I realized that I would regret not traveling more. I would regret not becoming a better version of myself every single day. I would regret running rough shod over my body until it literally landed me on bed repeatedly. I regret feeling like 80 most mornings when I wake up even though I just hit 38. I regret not listening to my intuitions or the signals that were being shot through my spine or nagged at the back of my head. I would regret choosing to stay in environments that were not good for me.
I also realized that we do not buy things with money. We buy our possessions with our time. Now hear me out here. The money that you spent on buying that latest phone or TV, how did you earn it? You traded time from your life, working at a job, that paid you money, in order to be able to afford the latest luxuries or consumer product, along with all the expenses that come from having that job (commute, clothes, lunches, coffees etc… you get the picture). So we trade our time, hoping that later in life, we will be able to afford to do the things that we really want to do. But what happens if you drop dead and there’s no more time? Would all those luxuries & possessions still be worth all that time from your life?
That perhaps is my guiding question for 2017. The cornerstone of questions on which I continue to explore my freedom to do anything I want, be anywhere I want, to become anything I want. Saying ‘no’ to UN was according to a lot of people, madness – all that tax-free salary, financial solvency, prestige, recognition, respect. To me though it looked like I was going to trade more time from my life to go from one bureaucracy to another, from one 9-5 job to another. And once I slowed down, I could no longer justify doing that to myself. As for respect, dude, if I did not have your respect before I had that UN job in the bag, I do not think your respect matters much to me.
My time on this earth, in this life, is limited. No body knows when their time will be up or how. But we ALL are capable of living incredible lives that we have the power to design according to our own individual aspirations. Remember all those dreams that we had as kids? When we wanted to be explorers or astronauts or pilots? Where did they go? When did we become so scripted that our dreams became fallacies lying on the wayside? Our time traded to own things we didn’t even like and that had to be upgraded every few years to stay hip, fashionable and in tune with trends.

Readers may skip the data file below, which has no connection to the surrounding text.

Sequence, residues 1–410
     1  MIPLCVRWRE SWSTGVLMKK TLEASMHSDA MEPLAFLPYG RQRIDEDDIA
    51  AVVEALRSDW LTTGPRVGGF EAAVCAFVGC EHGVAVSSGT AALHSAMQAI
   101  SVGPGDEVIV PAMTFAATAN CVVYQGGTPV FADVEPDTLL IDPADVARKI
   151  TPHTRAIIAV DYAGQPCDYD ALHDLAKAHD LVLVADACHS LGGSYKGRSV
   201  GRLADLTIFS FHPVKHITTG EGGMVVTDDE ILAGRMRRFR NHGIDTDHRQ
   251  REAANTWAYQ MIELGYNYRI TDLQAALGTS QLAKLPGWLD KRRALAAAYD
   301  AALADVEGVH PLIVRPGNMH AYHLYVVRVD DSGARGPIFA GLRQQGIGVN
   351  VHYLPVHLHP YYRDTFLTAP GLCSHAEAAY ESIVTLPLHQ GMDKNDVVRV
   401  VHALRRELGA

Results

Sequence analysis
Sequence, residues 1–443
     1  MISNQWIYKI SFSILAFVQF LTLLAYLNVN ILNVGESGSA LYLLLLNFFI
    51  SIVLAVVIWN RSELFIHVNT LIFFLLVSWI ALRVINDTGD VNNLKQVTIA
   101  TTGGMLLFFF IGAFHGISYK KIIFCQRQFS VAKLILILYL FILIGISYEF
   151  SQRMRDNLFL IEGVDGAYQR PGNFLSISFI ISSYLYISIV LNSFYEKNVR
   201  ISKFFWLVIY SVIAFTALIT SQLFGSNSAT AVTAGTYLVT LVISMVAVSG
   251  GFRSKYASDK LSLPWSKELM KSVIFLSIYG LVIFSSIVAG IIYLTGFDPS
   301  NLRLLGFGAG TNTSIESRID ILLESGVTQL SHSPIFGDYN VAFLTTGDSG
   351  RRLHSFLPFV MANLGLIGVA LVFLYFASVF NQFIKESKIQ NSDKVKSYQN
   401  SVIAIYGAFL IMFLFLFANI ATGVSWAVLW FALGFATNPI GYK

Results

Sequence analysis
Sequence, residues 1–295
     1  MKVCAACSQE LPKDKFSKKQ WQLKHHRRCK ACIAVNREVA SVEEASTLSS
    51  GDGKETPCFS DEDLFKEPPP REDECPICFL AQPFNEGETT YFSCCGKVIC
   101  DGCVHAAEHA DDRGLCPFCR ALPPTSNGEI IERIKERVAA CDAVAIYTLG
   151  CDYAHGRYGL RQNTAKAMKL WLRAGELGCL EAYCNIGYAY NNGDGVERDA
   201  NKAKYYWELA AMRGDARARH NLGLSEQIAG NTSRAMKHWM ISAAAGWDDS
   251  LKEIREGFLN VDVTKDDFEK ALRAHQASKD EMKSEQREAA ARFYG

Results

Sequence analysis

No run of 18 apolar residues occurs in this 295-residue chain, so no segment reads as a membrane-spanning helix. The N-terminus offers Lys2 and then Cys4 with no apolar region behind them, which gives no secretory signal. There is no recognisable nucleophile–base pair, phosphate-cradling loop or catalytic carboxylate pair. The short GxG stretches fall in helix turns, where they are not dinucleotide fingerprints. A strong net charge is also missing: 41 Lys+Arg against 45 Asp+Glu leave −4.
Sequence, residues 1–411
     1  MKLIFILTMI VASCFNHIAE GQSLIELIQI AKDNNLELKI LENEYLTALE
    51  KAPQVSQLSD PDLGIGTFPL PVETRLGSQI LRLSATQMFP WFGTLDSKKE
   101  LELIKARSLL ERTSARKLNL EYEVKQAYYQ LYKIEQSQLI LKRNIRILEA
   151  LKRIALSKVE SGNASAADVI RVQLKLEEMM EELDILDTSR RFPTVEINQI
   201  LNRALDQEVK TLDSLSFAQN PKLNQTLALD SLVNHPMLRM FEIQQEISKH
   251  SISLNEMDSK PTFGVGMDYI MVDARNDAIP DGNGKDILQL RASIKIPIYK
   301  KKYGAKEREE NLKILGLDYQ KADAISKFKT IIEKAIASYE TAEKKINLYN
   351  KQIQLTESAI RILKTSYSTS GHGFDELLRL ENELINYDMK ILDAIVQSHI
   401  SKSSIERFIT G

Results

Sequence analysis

So as an ode to 2016 and a hello to 2017… here’s my resolution for this year… to stay curious… to stay open to possibilities… to believe in miracles… to believe in the power of dreams. I am going to travel, I am going to write and I am going to use the skills that I have acquired over a career spanning 20 years to coach, mentor and render service to humanity. After the madness of 2016 (political & humanitarian disasters), I am going to work on restoring my faith in humanity, and hopefully influence others to look past the stereotypes and see more than what meets the eye. I don’t know how I am going to do them, there is no destination to this journey, but I do know that as I start, opportunities continue to present themselves and the universe aligns to deliver what I want.
Now….. what would you do if you were not afraid? if you were not limited by your beliefs or perceptions of what you think you can achieve? What would you do if there was no way that you could fail? Would you still be where you are? living the life you are in now? Or would you decide to change? What would you change?
Today is my last day at work as the Policy Advisor for Food and Nutrition Security. My nearly five year tenure with the Embassy is coming to an end. I will miss my work, the field trips, the individual stories of courage and the resilience of the human spirit, that this job has exposed me to. I am going to miss my colleagues – some of whom became friends, some became family. I know I will have a place at their hearth anywhere in the world, as they will have at mine. I know I will carry them with me. The love, hope, resilience, courage, inspiration that I have experienced over the last few years.